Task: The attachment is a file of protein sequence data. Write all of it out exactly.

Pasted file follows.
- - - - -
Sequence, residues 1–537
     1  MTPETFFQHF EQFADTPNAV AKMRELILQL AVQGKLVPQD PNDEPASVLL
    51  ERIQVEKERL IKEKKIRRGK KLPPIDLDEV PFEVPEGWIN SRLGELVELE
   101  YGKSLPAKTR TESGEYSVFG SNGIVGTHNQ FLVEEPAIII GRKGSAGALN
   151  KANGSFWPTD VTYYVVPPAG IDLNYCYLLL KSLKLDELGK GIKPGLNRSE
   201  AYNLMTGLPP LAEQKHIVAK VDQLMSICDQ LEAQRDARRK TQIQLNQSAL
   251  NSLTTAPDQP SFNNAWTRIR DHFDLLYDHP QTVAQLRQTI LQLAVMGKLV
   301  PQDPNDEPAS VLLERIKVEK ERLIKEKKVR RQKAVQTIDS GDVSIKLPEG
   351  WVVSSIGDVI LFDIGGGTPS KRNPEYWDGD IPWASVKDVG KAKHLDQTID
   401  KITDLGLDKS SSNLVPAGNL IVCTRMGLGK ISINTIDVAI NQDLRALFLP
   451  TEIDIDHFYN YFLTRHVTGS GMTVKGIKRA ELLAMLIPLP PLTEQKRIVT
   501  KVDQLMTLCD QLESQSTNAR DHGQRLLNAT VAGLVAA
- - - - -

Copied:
Sequence, residues 1–537
     1  MTPETFFQHF EQFADTPNAV AKMRELILQL AVQGKLVPQD PNDEPASVLL
    51  ERIQVEKERL IKEKKIRRGK KLPPIDLDEV PFEVPEGWIN SRLGELVELE
   101  YGKSLPAKTR TESGEYSVFG SNGIVGTHNQ FLVEEPAIII GRKGSAGALN
   151  KANGSFWPTD VTYYVVPPAG IDLNYCYLLL KSLKLDELGK GIKPGLNRSE
   201  AYNLMTGLPP LAEQKHIVAK VDQLMSICDQ LEAQRDARRK TQIQLNQSAL
   251  NSLTTAPDQP SFNNAWTRIR DHFDLLYDHP QTVAQLRQTI LQLAVMGKLV
   301  PQDPNDEPAS VLLERIKVEK ERLIKEKKVR RQKAVQTIDS GDVSIKLPEG
   351  WVVSSIGDVI LFDIGGGTPS KRNPEYWDGD IPWASVKDVG KAKHLDQTID
   401  KITDLGLDKS SSNLVPAGNL IVCTRMGLGK ISINTIDVAI NQDLRALFLP
   451  TEIDIDHFYN YFLTRHVTGS GMTVKGIKRA ELLAMLIPLP PLTEQKRIVT
   501  KVDQLMTLCD QLESQSTNAR DHGQRLLNAT VAGLVAA